Snow and ice hampered services all over the valley this week, and the Meals on Wheels program was no exception.
But after being closed over the weekend, and additionally on Monday and Tuesday — the Hood River Valley Adult Center, which runs the program, doesn’t operate on days when the Hood River County School District calls off classes — staff decided clients couldn’t wait any longer for a hot meal after Wednesday’s closure was announced.
“If we think we can’t get meals out, we prepare freezer meals ahead of time with the hot meals,” Reka Sieverkropp, HRVAC executive assistant, said. “But with the center being closed, and closed for the weekend … we didn’t know when we’d be able to get meals out.”
Then, on Tuesday evening, Amy Mallett, HRVAC’s new executive director, asked Sieverkropp one simple question:
“Don’t you have some firefighter friends?”
Sieverkropp is married to Tom Sieverkropp, an assistant fire chief at West Side Fire. She sent out an email to West Side Fire Marshall Jim Trammel and Fire Lieutenant Josh Beckner, asking if they would be willing to help deliver meals to housebound seniors.
“Reka does a lot of good, helping those guy (at the senior center), so when she called, we were just happy to get out there and help,” Beckner said.
Beckner and Trammel rallied the troops, sending out emails and asking for volunteers to come to the senior center to deliver meals.
Beckner said he expected five or 10 people to show up.
Instead, 25 answered the call from both West Side and Hood River fire departments.
“Some showed up with their families and kids,” he said. “Because school was out, we had student firefighters and support group personnel who came in — a little bit of everybody came out to help.”
Adult center staff braved the roads to come in early Wednesday morning to prepare meals. Cook Sophia Homan and Assistant Cook Eric Gonzales, Board President Beth Peters, Mallett and Sieverkropp swung into action, making sure that Meals on Wheels clients would not only receive a hot meal that day, but freezer meals to hold them until regular services could again continue. In all, over 200 meals were prepared and packed for delivery.
Firefighters took smaller fire apparatus vehicles out on the roads for the special mission, as well as a couple of their own personal vehicles. When they encountered a particularly snowy driveway or sidewalk, they additionally shoveled snow.
For Beckner, the best part of the day was simply being able to help.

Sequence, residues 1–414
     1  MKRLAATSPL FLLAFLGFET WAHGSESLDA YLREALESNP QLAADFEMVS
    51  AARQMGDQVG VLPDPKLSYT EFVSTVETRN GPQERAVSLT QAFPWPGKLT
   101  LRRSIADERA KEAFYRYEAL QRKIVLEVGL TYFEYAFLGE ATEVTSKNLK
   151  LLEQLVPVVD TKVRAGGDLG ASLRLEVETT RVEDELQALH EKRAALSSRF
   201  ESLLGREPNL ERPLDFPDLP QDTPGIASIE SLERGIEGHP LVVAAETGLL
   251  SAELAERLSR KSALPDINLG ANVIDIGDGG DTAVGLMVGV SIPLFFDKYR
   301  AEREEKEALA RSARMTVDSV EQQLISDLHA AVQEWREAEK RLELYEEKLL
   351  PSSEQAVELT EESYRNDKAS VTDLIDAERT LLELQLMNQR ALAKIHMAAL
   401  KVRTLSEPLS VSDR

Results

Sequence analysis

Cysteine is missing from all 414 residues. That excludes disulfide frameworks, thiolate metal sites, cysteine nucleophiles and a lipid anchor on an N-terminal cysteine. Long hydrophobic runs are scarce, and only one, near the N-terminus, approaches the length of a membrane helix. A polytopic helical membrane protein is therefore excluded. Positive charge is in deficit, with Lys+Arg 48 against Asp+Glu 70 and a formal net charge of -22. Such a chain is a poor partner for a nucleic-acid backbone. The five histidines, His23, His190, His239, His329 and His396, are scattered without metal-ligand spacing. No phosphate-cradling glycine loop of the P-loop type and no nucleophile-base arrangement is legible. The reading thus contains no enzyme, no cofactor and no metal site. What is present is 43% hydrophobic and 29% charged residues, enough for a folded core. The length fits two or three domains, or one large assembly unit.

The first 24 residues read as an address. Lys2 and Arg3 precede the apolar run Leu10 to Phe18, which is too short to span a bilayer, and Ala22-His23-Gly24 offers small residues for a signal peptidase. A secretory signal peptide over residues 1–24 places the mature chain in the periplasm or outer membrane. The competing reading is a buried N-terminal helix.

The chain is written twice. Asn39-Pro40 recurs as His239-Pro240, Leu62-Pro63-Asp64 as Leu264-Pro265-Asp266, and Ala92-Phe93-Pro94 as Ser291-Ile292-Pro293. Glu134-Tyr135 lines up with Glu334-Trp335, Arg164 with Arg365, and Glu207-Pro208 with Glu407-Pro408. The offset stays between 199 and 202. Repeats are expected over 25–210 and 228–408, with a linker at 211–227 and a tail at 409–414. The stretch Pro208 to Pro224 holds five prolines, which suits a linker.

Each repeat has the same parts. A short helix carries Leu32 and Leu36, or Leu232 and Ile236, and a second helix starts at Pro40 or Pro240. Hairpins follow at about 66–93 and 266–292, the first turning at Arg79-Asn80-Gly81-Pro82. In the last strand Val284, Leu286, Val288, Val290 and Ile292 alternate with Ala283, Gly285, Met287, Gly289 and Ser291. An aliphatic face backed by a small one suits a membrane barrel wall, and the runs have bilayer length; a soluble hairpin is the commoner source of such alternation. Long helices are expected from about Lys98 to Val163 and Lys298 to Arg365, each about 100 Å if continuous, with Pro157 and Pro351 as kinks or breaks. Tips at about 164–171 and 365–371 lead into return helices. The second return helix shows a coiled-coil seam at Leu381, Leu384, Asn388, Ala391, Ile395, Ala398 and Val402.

“Those people were so happy — they didn’t expect to see anyone until next week, and quite a few made comments about how they’d tried to find alternative transportation but were having a hard time … because of the roads,” he said. “They were very grateful, and we were happy to be able to get out and help.”
“I just received a call from one of the seniors, who told me that not only did (firefighters) deliver her meals, they also shoveled her driveway,” wrote Mallett on HRVAC’s Facebook page Wednesday afternoon. “She had been confined to her house because she could not use her walker outside … As the director of this adult center, I am brought to tears over the kindness that abounds in this community. I want to thank my fantastic staff and board for always going above and beyond for the seniors in our community.”
Meals on Wheels delivers Monday through Friday in the Hood River, Pine Grove, Odell and Parkdale areas, with new service recently added in Cascade Locks. Frozen meals for weekends are also available. Clients are accepted on both short and long term basis.
“We serve all those in need, regardless of their ability to donate towards the program,” Mallett said. “We are grateful for the small amount of federal funds we receive through the area Agency on Aging, and for the rest, we rely on donations and grants from foundations like the Autzen Foundation, Providence Hospital and the Oregon Food Bank. We are constantly applying for grants to cover the costs, as well as funding.”
The center also gets creative with fundraising efforts. To that end, HRVAC will host its first-ever Mardi Gras Celebration and Gumbo Throw Down Competition on Saturday, Feb. 25 beginning at 5 p.m. Sponsorships are available, and the center is also looking for silent auction items. The $20 ticket includes a buffet dinner and live big jazz band; silent auction, door prizes and a raffle will round out the night. Only 200 tickets will be sold — and the goal is to raise $12,000, with all monies raised going directly to Meals on Wheels.
For more information about the Meals on Wheels program, or to purchase tickets to the Mardi Gras Celebration, contact Mallett or Sieverkropp at HRVAC at 541-386-2060, or stop by the HRVAC during regular business hours. Credit cards are accepted.